Study shows 1 in 4 volleyball players show symptoms of severe artery injury
A study involving 25% of all the professional volleyball players surveyed show that one in four volleyball players show symptoms of severe artery injury.
Dr. Mario Maas, Senior Author of the study and a radiologist at the University of Amsterdam Medical Center and colleagues started their research after having six volleyball players with ischemic digits and small microemboli in the digital arteries of the dominant hand visit their hospital in a three-month span.
“These complaints were caused by aneursysmatic dilation of the posterior circumflex humeral artery with distal occlusion and digital emboli in the isolateral limb,” the reports state.
Those patients inspired them to conduct a survey of nearly 100 players to see how many of them had warning signs associated with the same injury.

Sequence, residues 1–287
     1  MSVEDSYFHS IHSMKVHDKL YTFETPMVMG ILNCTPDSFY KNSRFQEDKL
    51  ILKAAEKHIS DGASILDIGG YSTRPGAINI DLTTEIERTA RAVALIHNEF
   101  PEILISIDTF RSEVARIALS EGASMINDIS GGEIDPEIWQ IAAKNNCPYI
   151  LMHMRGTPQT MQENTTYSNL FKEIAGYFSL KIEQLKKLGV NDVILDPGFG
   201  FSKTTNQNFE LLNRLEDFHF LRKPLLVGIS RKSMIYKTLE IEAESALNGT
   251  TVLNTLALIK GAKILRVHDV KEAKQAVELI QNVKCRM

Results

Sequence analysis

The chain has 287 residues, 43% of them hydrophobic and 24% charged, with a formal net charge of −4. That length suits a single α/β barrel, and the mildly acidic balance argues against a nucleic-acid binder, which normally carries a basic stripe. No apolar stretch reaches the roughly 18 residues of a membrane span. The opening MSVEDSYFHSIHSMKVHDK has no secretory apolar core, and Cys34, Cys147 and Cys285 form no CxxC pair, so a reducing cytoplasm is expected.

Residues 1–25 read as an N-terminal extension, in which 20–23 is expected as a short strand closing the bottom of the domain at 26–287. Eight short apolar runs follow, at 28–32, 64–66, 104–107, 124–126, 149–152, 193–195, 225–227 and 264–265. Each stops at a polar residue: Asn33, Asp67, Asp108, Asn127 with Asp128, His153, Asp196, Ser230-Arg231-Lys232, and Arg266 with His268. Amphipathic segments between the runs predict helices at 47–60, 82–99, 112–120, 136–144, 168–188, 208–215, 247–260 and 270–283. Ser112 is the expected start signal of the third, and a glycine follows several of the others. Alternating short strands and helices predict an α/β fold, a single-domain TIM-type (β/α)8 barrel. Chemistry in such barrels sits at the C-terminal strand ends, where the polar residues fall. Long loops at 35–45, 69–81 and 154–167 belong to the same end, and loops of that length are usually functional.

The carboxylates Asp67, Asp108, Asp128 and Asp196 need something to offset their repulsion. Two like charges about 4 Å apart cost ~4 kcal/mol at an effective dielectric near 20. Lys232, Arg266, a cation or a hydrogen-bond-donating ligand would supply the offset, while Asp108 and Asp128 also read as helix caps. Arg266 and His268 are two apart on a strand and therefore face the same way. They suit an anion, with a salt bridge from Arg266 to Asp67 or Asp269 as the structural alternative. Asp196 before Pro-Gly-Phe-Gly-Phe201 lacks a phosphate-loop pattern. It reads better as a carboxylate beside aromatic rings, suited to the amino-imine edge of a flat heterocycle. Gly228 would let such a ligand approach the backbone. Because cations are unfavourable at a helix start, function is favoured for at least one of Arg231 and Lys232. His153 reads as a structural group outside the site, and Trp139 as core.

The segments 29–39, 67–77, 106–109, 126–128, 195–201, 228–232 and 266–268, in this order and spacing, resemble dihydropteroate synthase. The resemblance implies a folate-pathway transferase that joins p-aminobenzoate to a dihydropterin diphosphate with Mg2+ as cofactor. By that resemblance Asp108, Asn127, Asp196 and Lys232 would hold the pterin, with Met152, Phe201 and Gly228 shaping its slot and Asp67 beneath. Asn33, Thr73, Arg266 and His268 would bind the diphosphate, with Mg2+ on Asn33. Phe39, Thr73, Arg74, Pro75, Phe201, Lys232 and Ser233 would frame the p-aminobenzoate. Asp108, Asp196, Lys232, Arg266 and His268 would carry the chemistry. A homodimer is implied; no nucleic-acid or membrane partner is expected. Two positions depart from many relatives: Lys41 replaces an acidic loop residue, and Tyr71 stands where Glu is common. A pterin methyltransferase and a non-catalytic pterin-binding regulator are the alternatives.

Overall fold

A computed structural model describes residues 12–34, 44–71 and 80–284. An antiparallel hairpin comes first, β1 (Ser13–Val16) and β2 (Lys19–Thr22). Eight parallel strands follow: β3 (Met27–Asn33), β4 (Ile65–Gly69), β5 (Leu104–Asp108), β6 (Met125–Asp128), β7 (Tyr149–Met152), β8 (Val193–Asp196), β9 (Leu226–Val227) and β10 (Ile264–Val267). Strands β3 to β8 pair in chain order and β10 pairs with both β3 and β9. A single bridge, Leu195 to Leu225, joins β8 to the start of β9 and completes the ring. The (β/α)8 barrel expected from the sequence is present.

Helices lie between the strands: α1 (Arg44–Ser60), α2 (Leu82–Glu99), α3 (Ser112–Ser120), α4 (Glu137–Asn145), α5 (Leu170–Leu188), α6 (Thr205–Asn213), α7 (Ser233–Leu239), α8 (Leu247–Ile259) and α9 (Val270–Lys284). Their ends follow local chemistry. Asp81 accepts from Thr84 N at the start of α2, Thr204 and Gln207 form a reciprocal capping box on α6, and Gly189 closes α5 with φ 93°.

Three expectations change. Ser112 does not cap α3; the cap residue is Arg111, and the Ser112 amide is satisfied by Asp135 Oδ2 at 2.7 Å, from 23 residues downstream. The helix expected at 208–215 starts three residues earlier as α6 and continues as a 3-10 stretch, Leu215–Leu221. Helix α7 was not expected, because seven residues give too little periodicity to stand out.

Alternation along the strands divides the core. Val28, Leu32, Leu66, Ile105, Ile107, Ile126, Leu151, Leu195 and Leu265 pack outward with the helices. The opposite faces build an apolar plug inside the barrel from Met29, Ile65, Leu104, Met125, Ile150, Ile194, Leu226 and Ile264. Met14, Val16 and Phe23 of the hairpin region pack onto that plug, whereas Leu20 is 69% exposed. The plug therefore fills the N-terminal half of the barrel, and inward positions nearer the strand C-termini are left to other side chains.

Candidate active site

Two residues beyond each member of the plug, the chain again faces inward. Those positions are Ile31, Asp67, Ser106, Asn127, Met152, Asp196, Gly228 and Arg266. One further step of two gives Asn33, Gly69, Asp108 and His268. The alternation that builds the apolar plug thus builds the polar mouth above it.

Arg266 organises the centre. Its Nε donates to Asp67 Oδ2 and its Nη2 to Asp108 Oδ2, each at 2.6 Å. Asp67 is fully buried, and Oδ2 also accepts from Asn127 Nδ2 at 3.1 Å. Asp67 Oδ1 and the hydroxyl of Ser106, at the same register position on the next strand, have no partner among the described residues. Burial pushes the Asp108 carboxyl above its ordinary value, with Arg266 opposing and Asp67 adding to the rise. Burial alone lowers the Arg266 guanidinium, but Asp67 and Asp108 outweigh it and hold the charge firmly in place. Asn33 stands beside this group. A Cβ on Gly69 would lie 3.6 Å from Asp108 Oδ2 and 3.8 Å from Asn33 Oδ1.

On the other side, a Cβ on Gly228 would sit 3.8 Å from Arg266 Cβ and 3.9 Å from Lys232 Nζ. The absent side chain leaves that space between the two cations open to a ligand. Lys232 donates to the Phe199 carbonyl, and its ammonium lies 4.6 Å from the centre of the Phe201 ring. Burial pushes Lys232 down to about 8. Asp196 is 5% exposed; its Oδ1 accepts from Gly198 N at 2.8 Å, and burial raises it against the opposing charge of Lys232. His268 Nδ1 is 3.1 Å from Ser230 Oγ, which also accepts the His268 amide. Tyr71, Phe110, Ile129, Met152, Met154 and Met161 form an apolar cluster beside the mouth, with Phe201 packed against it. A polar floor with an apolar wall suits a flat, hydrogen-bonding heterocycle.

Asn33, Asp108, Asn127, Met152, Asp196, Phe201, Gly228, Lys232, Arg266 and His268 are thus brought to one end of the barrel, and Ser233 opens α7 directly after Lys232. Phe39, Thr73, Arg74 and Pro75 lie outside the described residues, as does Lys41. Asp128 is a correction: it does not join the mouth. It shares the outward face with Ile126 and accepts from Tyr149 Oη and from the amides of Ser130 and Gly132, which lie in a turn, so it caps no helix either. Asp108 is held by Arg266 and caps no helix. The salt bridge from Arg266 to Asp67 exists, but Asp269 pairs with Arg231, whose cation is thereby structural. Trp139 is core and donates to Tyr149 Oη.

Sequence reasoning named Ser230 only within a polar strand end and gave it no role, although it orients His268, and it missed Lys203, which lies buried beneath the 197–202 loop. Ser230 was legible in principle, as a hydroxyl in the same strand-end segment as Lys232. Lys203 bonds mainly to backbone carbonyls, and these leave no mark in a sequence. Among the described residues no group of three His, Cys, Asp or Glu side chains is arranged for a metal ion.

These symptoms include experiencing cold, blue-colored, or pail fingers during or immediately following a volleyball game, caused by miniature blood clots that comes from the damaged artery.
No examinations were performed and 27% of the 99 male players surveyed stated that they experienced those symptoms. 27 of them said they experienced cold fingers during play and 18 of them said their digits had turned blue and 20 others said their fingers had become pale.
Other four participants said they often had blue or pale fingers, and eight said that their fingers regularly became cold.
The unexpected high percentage of elite volleyball players reported symptoms associated with PCHAP with DE in the dominant hand.